3.) An advocate group is no longer able or willing to take the actions expected of it.
DR will then apply a pledge groupís funds to a similar group with the same original mandate.
Should DR be unable to comply with these changes, the cycle will be nullified and pledge funds will be credited to the accounts of those pledged.
- How objective are Democracy Rules issue descriptions?
Our issue descriptions attempt to provide brief and accurate definitions, histories, statistics and some pro and con positions on each of our issues. Although Democracy Rules realizes most members have previously formed opinions on these issues, we do not wish to influence the vote of any uncommitted member. Therefore, we strongly recommend members research the issues on which they intend to vote. But if truth be told, DRís issue descriptions are immaterial. All that really matters is the legislation associated with an issue Ė for that is what youíre voting to support or oppose.
- How is legislation selected for each issue?
The legislation associated with our issues has been determined by our managers to have the best potential to affect a specific issue. Legislation traditionally originates it the House, but if there are both House and Senate versions of a bill, DR will focus on first addressing the House version unless there are enough pledges to address both bills simultaneously. DR cautions our members that our brief summaries of these bills may be incomplete, and we strongly recommend accessing Congress.gov for the complete text, status and summary of all pending legislation. Occasionally, the opaque language used in some of these bills make it difficult to discern their true purpose, but plain-English summaries can usually be found online.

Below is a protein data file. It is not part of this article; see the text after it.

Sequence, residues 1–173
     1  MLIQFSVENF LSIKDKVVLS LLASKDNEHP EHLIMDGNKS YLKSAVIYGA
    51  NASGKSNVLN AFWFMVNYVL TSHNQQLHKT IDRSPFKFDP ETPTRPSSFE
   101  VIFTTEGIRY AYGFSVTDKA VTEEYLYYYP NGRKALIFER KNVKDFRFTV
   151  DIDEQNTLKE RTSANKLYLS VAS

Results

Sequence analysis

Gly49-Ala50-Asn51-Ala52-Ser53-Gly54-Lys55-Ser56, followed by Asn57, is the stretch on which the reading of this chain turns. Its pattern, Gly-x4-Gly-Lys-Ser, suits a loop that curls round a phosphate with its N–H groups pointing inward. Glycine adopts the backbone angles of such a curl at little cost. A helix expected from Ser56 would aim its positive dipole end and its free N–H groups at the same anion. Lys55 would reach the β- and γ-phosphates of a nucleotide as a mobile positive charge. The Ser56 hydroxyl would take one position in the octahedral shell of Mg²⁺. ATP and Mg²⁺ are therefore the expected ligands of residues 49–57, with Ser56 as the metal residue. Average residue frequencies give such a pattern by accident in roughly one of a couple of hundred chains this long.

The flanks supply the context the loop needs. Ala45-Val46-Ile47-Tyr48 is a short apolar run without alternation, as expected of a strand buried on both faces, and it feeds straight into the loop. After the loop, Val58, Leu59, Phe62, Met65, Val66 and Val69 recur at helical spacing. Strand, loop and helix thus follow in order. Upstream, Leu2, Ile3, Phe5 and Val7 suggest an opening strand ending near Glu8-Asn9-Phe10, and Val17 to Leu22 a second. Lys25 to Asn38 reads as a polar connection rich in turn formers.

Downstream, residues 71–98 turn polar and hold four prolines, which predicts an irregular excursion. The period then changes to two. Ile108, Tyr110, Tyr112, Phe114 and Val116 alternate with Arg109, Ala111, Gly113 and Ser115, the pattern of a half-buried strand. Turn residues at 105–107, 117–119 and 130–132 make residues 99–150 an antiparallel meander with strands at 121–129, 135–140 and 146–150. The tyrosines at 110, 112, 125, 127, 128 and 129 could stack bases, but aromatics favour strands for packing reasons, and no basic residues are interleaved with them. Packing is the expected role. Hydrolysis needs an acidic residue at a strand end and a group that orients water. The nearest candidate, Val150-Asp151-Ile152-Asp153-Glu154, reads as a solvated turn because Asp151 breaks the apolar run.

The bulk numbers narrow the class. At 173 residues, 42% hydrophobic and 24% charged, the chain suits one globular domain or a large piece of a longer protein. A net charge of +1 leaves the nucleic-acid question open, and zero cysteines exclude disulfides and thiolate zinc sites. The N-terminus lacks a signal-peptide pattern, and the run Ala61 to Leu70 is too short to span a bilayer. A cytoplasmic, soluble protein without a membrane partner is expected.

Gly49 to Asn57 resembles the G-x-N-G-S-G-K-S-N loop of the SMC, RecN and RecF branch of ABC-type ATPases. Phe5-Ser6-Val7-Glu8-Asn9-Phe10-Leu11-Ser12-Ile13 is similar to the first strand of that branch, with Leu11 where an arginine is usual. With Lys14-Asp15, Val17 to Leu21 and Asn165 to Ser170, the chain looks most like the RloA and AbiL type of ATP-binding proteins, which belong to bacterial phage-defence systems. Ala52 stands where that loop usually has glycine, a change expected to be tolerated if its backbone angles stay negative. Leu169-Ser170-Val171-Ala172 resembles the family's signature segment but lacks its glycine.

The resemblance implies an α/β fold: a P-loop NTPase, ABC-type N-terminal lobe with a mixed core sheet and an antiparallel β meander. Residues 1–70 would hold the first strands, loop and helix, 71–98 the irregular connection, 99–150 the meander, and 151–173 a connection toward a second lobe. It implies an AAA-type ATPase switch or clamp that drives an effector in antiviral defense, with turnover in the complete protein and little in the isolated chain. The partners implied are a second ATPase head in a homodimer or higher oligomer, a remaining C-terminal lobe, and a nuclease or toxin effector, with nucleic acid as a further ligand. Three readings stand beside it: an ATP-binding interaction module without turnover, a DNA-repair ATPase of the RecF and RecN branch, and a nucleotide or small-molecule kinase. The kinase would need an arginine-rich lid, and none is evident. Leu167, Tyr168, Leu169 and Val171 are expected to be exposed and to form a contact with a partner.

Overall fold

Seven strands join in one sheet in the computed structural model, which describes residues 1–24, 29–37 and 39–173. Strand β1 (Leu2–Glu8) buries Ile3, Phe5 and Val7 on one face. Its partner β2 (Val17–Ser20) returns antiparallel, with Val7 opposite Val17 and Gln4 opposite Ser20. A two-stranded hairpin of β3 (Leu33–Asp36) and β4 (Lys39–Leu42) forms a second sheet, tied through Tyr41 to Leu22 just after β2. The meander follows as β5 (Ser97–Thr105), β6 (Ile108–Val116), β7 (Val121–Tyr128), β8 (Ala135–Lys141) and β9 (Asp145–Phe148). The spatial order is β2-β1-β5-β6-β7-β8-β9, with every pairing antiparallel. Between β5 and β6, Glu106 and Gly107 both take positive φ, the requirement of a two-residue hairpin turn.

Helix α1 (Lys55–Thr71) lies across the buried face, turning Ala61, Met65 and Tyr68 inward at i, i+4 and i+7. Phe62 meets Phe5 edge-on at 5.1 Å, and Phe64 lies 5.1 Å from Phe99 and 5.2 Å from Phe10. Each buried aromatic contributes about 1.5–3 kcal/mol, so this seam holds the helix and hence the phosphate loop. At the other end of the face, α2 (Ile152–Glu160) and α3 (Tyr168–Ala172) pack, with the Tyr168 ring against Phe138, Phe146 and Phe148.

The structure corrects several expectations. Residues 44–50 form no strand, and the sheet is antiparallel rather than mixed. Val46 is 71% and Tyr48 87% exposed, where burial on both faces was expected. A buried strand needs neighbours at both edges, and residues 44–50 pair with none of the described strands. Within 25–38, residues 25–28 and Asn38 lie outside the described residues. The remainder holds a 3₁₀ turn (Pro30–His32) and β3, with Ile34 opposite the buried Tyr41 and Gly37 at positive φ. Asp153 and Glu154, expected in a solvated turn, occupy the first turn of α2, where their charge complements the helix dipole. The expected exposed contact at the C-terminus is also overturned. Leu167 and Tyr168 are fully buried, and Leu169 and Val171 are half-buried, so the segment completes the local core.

- What is Democracy Rules legislative strategy?
DRís choice of legislative trustee candidates will include those with jurisdiction over pending legislation associated with our issues. When identifying a legislator to introduce or reintroduce a bill, DR will first consider those who have previously sponsored or cosponsored legislation related to our issue. However, it is difficult for an outsider to devise a successful bill-passing strategy without knowledge of the inner dynamics of a chamber or committee, and the pressure that special interests bear upon them. Democracy Rules intends to request the assistance of a billís sponsor to accomplish this feat. Sponsors have intimate knowledge of the forces opposing their bill and should be willing to recommend the best strategy to overcome them. Typically, a billís sponsor will unconditionally receive 10% of the funds pledged to an issue for the duration of their billís legislative journey. It is also possible/likely another 10% could be unconditionally awarded to the House Speaker or Senate Leader for any DR bill residing in their chamber.